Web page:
This chapter will show you how to work with dates and times in R. At first glance, dates and times seem simple. You use them all the time in your regular life, and they don’t seem to cause much confusion. However, the more you learn about dates and times, the more complicated they seem to get. To warm up, try these three seemingly simple questions:
Does every year have 365 days?
Does every day have 24 hours?
Does every minute have 60 seconds?
I’m sure you know that not every year has 365 days, but do you know the full rule for determining if a year is a leap year? (It has three parts.) You might have remembered that many parts of the world use daylight saving time (DST), so that some days have 23 hours, and others have 25. You might not have known that some minutes have 61 seconds because every now and then leap seconds are added because the Earth’s rotation is gradually slowing down.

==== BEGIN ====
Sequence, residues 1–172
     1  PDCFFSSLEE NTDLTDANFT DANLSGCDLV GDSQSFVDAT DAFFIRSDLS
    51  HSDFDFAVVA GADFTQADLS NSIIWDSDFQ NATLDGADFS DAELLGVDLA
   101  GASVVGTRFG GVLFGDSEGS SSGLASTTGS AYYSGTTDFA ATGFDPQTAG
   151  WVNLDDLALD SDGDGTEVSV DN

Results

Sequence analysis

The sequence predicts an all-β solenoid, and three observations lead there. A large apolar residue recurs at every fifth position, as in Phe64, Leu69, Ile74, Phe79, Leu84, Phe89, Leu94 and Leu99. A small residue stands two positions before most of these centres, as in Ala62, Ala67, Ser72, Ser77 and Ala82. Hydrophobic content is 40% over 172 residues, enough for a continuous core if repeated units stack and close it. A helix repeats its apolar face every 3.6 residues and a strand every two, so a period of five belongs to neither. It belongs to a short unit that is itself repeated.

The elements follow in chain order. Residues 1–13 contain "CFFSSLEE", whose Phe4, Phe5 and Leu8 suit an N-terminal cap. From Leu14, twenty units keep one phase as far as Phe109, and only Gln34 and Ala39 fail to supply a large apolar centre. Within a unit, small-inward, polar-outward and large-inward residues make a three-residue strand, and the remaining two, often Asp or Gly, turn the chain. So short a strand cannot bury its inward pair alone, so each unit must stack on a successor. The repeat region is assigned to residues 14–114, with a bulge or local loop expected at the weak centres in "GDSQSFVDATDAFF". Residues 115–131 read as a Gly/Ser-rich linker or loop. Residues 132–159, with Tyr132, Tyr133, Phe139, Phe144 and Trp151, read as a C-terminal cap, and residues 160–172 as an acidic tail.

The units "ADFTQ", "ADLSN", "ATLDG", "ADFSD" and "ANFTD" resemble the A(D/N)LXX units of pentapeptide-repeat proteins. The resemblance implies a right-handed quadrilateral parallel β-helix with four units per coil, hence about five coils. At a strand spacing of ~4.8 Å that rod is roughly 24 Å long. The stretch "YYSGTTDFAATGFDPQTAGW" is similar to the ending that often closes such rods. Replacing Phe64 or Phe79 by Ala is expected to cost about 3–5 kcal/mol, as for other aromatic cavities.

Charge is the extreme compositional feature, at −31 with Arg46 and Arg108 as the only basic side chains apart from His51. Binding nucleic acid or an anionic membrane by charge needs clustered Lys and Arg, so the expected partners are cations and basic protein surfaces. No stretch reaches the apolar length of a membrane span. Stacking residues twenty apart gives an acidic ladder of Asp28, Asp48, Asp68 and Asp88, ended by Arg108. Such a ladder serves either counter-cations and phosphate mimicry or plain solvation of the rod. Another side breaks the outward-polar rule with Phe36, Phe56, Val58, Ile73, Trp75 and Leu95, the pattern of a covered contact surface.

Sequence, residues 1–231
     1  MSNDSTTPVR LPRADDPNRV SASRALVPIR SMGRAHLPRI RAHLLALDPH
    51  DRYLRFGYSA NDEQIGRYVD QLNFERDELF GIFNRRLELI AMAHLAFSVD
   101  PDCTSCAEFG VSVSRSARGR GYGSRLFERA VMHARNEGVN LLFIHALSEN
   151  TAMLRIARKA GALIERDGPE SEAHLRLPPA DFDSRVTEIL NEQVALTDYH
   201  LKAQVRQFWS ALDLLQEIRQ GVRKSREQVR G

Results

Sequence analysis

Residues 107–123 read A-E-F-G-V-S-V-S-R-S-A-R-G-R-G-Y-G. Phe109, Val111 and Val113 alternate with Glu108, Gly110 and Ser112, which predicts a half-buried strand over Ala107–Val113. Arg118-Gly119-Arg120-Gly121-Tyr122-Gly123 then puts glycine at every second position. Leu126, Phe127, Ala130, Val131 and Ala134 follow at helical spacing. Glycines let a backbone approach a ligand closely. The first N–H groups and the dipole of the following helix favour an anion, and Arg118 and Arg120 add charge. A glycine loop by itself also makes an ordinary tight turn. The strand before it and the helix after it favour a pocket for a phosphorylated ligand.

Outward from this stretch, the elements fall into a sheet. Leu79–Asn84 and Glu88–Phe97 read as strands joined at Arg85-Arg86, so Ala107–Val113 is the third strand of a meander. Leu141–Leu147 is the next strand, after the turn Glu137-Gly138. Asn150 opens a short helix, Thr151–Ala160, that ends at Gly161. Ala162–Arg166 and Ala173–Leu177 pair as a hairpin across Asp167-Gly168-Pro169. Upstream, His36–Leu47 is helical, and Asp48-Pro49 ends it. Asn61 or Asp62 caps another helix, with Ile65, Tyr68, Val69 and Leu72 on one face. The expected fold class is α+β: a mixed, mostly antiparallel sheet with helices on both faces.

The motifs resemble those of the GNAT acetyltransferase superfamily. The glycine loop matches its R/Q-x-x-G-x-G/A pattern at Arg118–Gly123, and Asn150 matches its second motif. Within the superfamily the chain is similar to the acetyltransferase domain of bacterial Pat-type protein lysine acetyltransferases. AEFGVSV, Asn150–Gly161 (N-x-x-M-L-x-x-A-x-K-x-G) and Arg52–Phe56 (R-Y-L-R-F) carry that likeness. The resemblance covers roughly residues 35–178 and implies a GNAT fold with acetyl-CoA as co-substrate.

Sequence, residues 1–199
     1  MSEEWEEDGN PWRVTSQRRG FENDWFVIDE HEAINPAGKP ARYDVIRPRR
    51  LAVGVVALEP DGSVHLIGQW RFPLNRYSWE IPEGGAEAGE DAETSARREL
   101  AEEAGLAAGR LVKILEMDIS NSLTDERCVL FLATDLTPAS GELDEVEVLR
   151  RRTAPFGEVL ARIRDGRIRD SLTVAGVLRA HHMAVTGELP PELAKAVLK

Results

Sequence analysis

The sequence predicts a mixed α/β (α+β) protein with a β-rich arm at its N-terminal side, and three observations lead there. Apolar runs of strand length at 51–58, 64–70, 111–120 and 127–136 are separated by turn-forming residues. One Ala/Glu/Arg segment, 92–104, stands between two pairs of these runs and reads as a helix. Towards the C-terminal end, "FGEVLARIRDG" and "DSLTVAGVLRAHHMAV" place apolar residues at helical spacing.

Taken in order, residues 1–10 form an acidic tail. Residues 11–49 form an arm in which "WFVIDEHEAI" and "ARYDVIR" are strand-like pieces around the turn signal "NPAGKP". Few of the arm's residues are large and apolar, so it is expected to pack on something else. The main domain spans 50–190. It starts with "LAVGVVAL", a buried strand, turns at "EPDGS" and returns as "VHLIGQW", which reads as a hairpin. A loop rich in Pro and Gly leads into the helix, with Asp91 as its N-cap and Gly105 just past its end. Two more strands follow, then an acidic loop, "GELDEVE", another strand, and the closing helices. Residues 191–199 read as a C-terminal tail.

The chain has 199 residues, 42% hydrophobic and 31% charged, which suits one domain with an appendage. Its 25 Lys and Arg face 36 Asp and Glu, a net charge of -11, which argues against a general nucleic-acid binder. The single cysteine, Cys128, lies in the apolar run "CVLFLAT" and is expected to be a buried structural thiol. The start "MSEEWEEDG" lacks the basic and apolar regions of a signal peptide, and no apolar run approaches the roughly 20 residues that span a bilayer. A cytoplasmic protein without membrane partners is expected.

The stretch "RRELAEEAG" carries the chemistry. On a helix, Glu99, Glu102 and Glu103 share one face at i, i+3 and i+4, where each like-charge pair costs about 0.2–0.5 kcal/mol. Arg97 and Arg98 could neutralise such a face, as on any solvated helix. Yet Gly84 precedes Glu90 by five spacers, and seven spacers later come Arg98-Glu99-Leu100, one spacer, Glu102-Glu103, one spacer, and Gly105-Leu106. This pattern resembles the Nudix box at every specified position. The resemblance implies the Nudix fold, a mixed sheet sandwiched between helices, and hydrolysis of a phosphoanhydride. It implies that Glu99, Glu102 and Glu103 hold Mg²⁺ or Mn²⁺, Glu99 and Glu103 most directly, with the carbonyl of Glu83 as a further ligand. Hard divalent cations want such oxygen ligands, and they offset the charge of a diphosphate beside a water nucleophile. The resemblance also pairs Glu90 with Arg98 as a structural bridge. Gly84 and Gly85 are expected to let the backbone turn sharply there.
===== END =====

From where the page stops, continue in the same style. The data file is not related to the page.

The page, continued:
Dates and times are hard because they have to reconcile two physical phenomena (the rotation of the Earth and its orbit around the sun) with a whole raft of geopolitical phenomena including months, time zones, and DST. This chapter won’t teach you every last detail about dates and times, but it will give you a solid grounding of practical skills that will help you with common data analysis challenges.
This chapter will focus on the lubridate package, which makes it easier to work with dates and times in R. lubridate